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Thiago Alcantara’s Passing Is Art, Not Paint by Numbers


The temptation is, in fact, to attach that tendency to the game’s growing interest in and reliance on analytics — that is soccer, because the nerds wanted it — and even to the sport’s continuing infiltration by individuals who can only be described as Americans. That will, though, offer only a partial explanation.

Just as relevant, perhaps, is the sport’s talking-point culture, its entrenched tribalism and limitless squabbling for supremacy, its thirst for virality, attention and clout. Cold, hard numbers carry more weight in 280 characters, in any case, than such outdated concepts as metaphor, or allusion.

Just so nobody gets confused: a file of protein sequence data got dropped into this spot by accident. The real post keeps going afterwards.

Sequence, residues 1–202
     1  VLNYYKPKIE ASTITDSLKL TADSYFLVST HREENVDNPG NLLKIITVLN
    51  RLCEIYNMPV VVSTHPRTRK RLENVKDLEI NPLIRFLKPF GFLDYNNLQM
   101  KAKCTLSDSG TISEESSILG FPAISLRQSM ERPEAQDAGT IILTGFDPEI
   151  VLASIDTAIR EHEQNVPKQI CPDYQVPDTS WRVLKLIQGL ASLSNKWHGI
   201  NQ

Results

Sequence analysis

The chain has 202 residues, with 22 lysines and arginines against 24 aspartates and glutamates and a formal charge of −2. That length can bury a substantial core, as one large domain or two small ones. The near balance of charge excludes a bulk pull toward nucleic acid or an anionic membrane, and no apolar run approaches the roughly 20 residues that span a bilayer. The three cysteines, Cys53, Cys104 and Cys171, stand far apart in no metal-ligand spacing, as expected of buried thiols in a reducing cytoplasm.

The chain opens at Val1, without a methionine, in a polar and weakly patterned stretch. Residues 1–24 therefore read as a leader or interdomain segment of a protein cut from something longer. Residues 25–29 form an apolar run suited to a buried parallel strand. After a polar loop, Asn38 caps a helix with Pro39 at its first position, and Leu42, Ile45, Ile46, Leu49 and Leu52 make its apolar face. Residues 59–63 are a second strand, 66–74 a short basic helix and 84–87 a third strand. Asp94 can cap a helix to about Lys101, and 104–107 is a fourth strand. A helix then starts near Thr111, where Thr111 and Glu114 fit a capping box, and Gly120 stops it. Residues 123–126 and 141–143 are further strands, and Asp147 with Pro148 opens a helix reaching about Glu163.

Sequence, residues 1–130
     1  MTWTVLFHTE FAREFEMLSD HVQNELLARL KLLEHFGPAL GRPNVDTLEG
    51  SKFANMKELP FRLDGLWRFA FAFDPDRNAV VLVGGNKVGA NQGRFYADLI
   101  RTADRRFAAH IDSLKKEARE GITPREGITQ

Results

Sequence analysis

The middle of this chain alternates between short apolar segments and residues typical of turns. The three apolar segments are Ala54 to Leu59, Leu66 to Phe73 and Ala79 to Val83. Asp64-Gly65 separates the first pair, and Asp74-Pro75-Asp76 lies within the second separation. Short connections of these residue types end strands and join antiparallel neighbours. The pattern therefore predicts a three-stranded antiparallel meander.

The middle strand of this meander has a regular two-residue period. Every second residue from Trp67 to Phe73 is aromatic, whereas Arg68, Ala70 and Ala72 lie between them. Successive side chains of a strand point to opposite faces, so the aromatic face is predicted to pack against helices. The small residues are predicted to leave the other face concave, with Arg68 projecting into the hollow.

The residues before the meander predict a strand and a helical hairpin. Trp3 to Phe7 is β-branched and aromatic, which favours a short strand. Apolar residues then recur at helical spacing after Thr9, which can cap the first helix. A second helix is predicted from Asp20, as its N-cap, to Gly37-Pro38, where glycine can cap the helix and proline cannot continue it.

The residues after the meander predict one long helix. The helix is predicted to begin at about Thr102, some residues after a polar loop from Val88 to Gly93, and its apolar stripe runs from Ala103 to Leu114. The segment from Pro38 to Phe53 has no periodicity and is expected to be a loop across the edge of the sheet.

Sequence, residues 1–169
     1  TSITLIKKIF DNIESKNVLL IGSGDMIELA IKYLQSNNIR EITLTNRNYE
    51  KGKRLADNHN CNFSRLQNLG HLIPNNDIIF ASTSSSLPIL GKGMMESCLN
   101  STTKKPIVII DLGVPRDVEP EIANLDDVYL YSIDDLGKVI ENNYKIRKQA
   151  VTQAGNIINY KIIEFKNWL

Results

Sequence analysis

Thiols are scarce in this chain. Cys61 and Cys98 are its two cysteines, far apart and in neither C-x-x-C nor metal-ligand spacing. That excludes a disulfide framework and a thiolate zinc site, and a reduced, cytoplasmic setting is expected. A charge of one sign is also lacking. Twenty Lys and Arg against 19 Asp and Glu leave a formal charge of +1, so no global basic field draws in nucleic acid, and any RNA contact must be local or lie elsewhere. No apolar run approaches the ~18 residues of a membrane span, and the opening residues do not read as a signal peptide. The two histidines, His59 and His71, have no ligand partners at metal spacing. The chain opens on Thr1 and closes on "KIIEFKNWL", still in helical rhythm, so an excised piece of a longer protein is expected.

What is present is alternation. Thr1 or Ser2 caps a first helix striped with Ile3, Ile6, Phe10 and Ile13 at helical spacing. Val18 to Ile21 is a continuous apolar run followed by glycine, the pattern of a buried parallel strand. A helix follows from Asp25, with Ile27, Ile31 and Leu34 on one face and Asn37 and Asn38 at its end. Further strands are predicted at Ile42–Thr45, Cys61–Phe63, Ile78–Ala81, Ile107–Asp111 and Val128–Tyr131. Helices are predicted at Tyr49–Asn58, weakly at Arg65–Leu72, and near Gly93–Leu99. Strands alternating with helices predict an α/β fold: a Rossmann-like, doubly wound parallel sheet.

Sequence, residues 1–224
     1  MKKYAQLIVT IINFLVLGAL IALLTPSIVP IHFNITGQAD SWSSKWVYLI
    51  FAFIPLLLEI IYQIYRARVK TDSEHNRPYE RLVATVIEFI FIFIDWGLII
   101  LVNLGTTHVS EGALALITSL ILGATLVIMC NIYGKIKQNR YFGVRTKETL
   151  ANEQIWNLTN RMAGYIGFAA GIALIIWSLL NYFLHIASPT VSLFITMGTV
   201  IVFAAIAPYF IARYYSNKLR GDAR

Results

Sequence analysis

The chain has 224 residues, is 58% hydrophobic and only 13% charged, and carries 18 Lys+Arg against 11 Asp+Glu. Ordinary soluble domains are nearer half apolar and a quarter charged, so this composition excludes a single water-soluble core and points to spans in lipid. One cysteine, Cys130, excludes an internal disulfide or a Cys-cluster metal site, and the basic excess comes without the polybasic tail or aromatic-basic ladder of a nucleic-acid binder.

Regardless of the cause, few have been boiled right down to a succession of numbers quite a lot as Thiago. In his first season and a half in England, it was generally a convenient follow which to beat him: His goal and assist tallies, in any case, hardly indicated that he was a helpful component of Liverpool, let alone an excellent performer.

Belatedly, in the previous few weeks, the dynamic has modified. Thiago had a pass completion rate of 92 percent within the F.A. Cup semifinal victory against Manchester City. He played 129 passes in probably the most recent humbling of Manchester United, and 123 of them found their intended goal.

A couple of days ago, he made more successful passes against Everton than all of his opponents combined. After which, against Villarreal, he turned in 119 touches, 103 passes played, 99 passes accomplished, one hundred pc of tackles won, five interceptions, nine long balls accomplished and one earnest feedback session with a rather unwilling Diogo Jota.

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